In the next few years, it’s probable that more companies and governments will adopt crypto sandboxes as they investigate blockchain technology and cryptocurrencies. Nonetheless, we don’t yet have any definite conclusions from existing sandboxes because their findings haven’t been put into practice yet. Cryptos have had to deal with a lot of issues, like hacks where money was taken illegally- for instance, in 2016 $50 million dollars were stolen from Ethereum. The disagreement on how to handle the hack led to the split of the network into two separate blockchains: Ethereum (ETH) and Ethereum Classic (ETC).
It’s crucial to remember that even though more people are investing in blockchain technology, it doesn’t mean that the cryptocurrencies commonly traded today will be used on those networks.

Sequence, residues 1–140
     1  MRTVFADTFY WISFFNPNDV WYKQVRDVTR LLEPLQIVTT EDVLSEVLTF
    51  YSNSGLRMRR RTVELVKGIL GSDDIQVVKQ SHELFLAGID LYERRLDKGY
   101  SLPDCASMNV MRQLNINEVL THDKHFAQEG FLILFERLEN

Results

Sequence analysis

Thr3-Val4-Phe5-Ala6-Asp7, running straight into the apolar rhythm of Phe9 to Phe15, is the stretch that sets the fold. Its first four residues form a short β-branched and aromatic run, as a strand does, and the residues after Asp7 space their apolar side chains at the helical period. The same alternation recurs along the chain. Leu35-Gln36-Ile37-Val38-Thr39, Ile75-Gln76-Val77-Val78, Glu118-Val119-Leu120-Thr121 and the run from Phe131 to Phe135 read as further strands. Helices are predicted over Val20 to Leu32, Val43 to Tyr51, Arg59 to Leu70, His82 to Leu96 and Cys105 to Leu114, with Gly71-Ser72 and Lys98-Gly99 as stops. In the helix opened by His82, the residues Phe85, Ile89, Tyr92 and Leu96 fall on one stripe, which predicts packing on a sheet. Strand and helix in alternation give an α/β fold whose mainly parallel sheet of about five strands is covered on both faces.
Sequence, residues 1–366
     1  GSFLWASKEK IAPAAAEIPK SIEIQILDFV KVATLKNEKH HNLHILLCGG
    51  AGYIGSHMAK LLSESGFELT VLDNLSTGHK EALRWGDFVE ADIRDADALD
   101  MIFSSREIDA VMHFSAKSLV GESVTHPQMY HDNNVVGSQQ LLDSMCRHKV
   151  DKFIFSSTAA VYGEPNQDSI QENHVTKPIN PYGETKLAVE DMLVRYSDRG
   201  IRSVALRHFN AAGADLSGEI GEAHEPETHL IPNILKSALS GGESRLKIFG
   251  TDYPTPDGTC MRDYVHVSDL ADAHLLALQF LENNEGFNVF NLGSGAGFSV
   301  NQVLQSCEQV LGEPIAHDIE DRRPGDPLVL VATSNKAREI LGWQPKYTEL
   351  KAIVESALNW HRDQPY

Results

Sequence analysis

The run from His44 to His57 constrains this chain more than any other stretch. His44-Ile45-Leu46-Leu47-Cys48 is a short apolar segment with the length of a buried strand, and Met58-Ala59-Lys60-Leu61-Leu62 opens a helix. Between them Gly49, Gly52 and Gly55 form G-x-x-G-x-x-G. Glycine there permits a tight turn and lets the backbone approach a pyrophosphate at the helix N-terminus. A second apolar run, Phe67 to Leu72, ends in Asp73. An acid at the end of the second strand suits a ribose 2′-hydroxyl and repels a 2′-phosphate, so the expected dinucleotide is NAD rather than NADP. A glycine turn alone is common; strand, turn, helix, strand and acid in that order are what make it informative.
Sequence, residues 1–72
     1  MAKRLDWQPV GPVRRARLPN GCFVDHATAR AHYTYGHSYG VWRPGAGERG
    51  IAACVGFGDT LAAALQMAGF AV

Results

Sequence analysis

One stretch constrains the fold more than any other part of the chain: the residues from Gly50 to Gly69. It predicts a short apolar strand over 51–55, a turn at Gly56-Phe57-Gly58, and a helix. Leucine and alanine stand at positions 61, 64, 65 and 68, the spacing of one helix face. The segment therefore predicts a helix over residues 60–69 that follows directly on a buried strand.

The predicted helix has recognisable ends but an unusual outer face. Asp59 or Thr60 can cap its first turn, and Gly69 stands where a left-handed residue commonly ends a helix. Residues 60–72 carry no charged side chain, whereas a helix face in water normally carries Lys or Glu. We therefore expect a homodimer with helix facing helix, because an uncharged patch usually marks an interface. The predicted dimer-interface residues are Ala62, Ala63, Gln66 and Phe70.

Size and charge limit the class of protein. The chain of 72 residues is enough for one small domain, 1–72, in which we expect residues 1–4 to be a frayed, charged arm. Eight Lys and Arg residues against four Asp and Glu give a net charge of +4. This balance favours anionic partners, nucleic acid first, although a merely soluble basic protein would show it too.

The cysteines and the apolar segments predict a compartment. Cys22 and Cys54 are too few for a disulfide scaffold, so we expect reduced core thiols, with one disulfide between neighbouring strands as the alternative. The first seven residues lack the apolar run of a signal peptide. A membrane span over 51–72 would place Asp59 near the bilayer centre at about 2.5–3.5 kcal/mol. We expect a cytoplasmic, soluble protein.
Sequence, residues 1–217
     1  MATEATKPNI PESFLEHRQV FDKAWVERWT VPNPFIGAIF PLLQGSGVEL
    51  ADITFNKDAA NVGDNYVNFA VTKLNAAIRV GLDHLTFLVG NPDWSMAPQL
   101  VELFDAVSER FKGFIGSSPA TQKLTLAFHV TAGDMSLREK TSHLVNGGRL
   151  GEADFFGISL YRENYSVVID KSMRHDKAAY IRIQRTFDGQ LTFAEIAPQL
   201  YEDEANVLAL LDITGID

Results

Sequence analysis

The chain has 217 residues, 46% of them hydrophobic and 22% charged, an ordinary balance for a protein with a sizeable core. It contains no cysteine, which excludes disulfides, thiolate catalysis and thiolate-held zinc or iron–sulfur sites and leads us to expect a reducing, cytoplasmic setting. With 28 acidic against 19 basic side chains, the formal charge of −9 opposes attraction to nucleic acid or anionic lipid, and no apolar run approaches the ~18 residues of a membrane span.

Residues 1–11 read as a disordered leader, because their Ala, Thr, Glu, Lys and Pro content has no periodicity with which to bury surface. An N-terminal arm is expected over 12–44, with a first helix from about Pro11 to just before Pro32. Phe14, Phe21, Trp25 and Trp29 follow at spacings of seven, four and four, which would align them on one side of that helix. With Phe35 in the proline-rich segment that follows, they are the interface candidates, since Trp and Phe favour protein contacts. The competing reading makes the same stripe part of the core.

The Union Bank of Switzerland (UBS), for example, has developed a sandbox that explores the use of blockchain technology within the banking sector for payments. UBS partnered with several other large banks to create a Utility Settlement Coin (USC); USC is digital cash and would be converted on a one-to-one basis with fiat currencies like euros or American dollars. A central bank backs USC’s value against real cash reserves.